The Catholic blogs are atwitter about it. Or they’re atwitter about the summary they can easily cut and paste onto their web pages. The Bishops of England and Wales have the full document in pdf, if you care to read.
The catechists and apologists among us might consider the CDF’s definition of evangelization, Not “simply to teach a doctrine, but to proclaim Jesus Christ by one’s words and actions, that is, to make oneself an instrument of his presence and action in the world.”
Quoting Pope Benedict, “Social issues and the Gospel are inseparable. When we bring people only knowledge, ability, technical competence and tools, we bring them too little.”
Evangelization is a duty for believers, not an option. And that duty includes the witness of a holy and charitable life. “If the word is contradicted by behavior, its acceptance will be difficult.”
I think the note overplays the notion of relativism as a danger. Far more prevalent among Roman Catholics, especially in the hierarchy, is the easy compartmentalization of life. We see this in a president who “reasonably” breaks laws that are a part of the foundation of liberty and justice in our nation. We see this in those who have sinned gravely, but segregate the good work in the other parts of their lives. We see it in bishops who blunder as administrators (itself not a sin), yet suffer no consequences, sometimes passing blame to subordinates. Many bemoan a loss of a sense of sin, yet to all who view them the hypocrisy seeps at the cracks in the facade.
I’d say that relativism is a part of this moral segregation. One sees it in the most popular blogs. People who present themselves as loyal Catholics display a scandalous lack of charity and unwillingness to dialogue that shocks believer and unbeliever alike. The quote in section five is telling: “whoever trusts only in (their) own individual efforts and does not recognize the need for help from others, is deceiving (themselves).” Many believers are unwilling to receive help and esconce themselves in self-deception.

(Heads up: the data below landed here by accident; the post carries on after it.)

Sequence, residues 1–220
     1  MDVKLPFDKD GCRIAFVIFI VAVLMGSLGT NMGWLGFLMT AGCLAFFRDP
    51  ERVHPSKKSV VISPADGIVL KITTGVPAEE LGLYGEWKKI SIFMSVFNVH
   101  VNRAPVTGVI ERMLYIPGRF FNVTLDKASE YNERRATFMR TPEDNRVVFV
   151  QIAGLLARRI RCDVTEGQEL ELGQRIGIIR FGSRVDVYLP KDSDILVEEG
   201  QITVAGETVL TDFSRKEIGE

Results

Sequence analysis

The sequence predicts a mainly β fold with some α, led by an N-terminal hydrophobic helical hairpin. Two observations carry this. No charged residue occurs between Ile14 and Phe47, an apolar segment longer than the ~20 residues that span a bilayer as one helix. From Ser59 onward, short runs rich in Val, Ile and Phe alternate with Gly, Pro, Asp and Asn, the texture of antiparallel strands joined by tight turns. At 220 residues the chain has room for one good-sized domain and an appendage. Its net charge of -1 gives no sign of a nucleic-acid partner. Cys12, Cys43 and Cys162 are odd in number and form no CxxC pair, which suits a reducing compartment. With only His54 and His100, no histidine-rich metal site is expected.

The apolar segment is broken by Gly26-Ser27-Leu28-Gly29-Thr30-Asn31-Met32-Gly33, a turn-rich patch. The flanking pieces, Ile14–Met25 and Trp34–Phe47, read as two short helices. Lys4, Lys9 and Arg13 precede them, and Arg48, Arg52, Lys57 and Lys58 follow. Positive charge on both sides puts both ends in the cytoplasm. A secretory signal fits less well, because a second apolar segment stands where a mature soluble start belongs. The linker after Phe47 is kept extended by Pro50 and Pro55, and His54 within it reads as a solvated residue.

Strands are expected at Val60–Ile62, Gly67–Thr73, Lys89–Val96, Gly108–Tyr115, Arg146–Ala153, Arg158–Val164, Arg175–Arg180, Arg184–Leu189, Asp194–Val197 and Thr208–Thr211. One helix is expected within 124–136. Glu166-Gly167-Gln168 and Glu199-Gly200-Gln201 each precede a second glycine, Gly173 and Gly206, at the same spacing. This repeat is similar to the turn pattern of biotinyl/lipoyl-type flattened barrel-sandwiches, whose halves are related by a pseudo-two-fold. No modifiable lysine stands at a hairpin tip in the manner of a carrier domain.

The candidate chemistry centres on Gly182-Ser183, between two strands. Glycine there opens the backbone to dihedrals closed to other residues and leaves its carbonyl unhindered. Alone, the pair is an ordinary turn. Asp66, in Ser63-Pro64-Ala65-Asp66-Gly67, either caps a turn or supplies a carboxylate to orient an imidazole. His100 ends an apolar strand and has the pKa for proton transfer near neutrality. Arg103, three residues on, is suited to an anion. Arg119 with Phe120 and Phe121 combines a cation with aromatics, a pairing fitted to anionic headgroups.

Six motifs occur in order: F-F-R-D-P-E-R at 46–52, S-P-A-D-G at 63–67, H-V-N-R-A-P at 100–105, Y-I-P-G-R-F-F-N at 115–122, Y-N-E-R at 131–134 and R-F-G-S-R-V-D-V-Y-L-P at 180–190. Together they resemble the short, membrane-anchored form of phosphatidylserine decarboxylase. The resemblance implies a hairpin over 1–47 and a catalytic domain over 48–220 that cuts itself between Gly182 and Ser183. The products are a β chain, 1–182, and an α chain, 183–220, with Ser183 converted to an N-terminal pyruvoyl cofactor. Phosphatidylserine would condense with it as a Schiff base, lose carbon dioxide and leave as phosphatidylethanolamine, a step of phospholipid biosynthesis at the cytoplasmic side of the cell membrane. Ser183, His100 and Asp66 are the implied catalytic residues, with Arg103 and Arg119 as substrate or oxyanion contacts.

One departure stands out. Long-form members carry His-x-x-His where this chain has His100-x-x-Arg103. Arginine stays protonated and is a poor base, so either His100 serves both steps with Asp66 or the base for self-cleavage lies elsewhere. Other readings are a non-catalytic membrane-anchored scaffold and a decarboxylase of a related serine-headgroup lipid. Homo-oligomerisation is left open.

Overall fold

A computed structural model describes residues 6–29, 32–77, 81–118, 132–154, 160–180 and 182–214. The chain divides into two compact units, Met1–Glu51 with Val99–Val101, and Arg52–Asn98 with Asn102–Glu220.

Dialogue seems to be no dirty word in the Vatican. Section 8 says it explicitly:
Evangelization also involves a sincere dialogue that seeks to understand the reasons and feelings of others. Indeed, the heart of another person can only be approached in freedom, in love, and in dialogue, in such a manner that the word which is spoken is not simply offered, but also truly witnessed in the hearts of those to whom it is addressed.
“True friendship” and “sharing” are not curse words, but “valuable” for the proclamation of Christ.
After criticizing arrogance and other sinful qualities, the note clarifies that “incorporation of new members into the Church is not the expansion of a power-group, but rather entrance into the network of friendship with Christ that connects heaven and earth, different continents and ages.”
Much is made of the supposed reticence of Catholics. Rather than shying away from the perception of intolerance, most parish Catholics I know demur from evangelization for any number of non-philosophical reasons:
- People don’t grasp the importance of personal witness; they minimize it or they think others are more capable than they
- There is a sense of clericalism: it’s the job of the priest, the staff, or someone other then themselves
- There is a sense of inadequacy: people don’t think they know the faith well enough
- The word and concept “evangelization” scares them, and some use it as an excuse for apathy
- The faith itself is lukewarm within them, including many clergy
I’m a believer in evangelization. Count me a doubter of those who seem to relish the blame game: it’s the relativism of the culture. I think an open reading of this document will yield good fruit for those who bother to look at it.
For pastoral ministers, I think we need to closely examine our own lives and how we conduct ourselves with believers and unbelievers alike. We also need to encourage people who have a vibrant faith to be more self-confident in proclaiming Christ by word and action. Most of all, we need to form adults, youth, and children all to root their lives in faith so as to be a more holy, charitable, and convincing witness to others.